The Independent Overseas Command
The “Duke of Bragança’s Own”
Legion of Frontiersmen
Rua de Sao Joao as Portas de Santarem
2490 Castelo de Ourem
See Distribution:
Dated: 30th April 2008
HQ-IOC - LofF. Command General Orders – April 2008


By Order of the Commandant General IOC-LofF Michael J. Donnelly.KCVV.QGM, the following is indicated:

  1. I would like, on behalf of all Frontiersmen, to wish our brother and sister Frontiersmen
    of the IOC-LofF and those of other commands who may be at this time be serving in areas of conflict,
    or be on humanitarian missions or private business contracts in the troubled spots of our world,
    a safe and speedy return to the fold of their families and loved ones.

  2. Letters of congratulations were sent on behalf of all Frontiersmen to all Australian
    and New Zealand Commands with respect to their celebrations for ANZAC Day.

  3. The Command Headquarters of the IOC – LofF has great pleasure in
    publishing the following communication:

To His Royal Highness the Duke of Bragança
To the General Command of the Royal Honour Guard of the Castles,
Pantheons and National Monuments

I have the honour to be a member of the Order of Saint Michael of the Wing, as well as
Patron of “The Independent Overseas Command – Duke of Braganza’s Own Legion of
Frontiersmen” and of the Royal Honour Guard, so I hope I may add my prayers to those of
the Portuguese Royal Family and all who are assembled at the Royal Pantheon of the
Monastery of Saint Vincent, on this day, as we commemorate the 100 anniversary of the
assassination of His Majesty King Dom Carlos 1, and His Royal Highness Crown Prince
Dom Luis Filipe.

The stories of Portugal and England are woven tightly together, and have been so for
many, many years. Their alliance is the oldest in existence between any two countries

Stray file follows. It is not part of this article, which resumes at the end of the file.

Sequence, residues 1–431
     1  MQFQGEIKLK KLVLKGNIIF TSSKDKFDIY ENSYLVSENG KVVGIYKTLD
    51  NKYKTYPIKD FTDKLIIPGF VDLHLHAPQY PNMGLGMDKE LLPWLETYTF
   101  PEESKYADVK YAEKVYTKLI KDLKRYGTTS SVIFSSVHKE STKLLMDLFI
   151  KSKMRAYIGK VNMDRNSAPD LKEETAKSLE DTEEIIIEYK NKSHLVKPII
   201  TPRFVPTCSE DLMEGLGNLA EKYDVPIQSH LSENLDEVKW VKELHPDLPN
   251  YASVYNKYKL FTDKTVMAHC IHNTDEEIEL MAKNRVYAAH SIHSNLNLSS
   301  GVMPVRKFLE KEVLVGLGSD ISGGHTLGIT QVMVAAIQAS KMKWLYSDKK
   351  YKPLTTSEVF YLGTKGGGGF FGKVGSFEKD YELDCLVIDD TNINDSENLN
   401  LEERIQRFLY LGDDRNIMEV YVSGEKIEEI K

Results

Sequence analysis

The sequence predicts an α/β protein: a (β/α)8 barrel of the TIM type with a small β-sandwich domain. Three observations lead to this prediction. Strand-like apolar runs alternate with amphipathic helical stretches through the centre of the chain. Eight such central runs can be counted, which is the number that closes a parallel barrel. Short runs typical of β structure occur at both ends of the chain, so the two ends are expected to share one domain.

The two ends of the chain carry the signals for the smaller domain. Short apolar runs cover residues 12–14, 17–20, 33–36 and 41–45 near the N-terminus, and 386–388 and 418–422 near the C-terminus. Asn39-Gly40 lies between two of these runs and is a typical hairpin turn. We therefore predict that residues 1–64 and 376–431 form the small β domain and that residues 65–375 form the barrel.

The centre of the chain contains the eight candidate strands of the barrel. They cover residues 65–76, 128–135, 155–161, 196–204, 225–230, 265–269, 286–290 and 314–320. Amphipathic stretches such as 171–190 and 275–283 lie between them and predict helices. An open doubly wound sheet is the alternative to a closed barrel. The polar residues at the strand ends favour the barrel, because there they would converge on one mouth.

in earth, and the Braganza dynasty has always occupied a special position for the
reigning house of Great Britain. The much loved Queen Catherine, consort of King Charles
11, was born Princess of Braganza, and her brain child, the Royal Hospital in Chelsea,
remains one of London’s favourite, and most admired landmarks. King Carlos 1 was a close
cousin of Queen Victoria through his grandfather, Prince Ferdinand of Saxe-Coburg,
and he and Queen Amelie were frequent and favoured visitors to the Court of St James’s.
But what makes their tragedy even more vivid for me personally, is that my own predecessor,
Field Marshal, First earl Kitchener of Khartoum, who like the Portuguese King would die too soon,
enjoyed the friendship of King Carlos and valued it highly. This gives me a great deal of pride.

As we all know, the surviving Prince, and last King, Dom Manuel 11,
spent his exile in London, and last September I visited Portugal to mark the 75 anniversary of his death.
That he was not gunned down like his father and brother was a miracle at the time,
but it is perhaps also worth remembering that yet another assassination plot,
which was to have been activated soon after the melancholy events we remember today,
was foiled through the efforts of the Legion of Frontiersmen, working with the British
Secret Service. So I like to think that our ancient alliance has been of some practical
use to the former ruling family.

I confess I am a constitutional monarchist,
and I am too old to conceal my belief in this most reasonable form of government.
I would like to see a king back on the throne here, and I salute the murdered King and
his son as heroes. But this is not the most important thing. I hope that, today,
the reminder of these ties between our dynasties, stretching, as they do,
far back into our joint history will serve to remind all Portuguese citizens,
monarchist or not, of the very real bonds of friendship that still obtain between our two
great countries.
Westergate Wood, February 1, 2008
G.C. Henry Herbert Kitchener, III Earl Kitchener of Khartoum.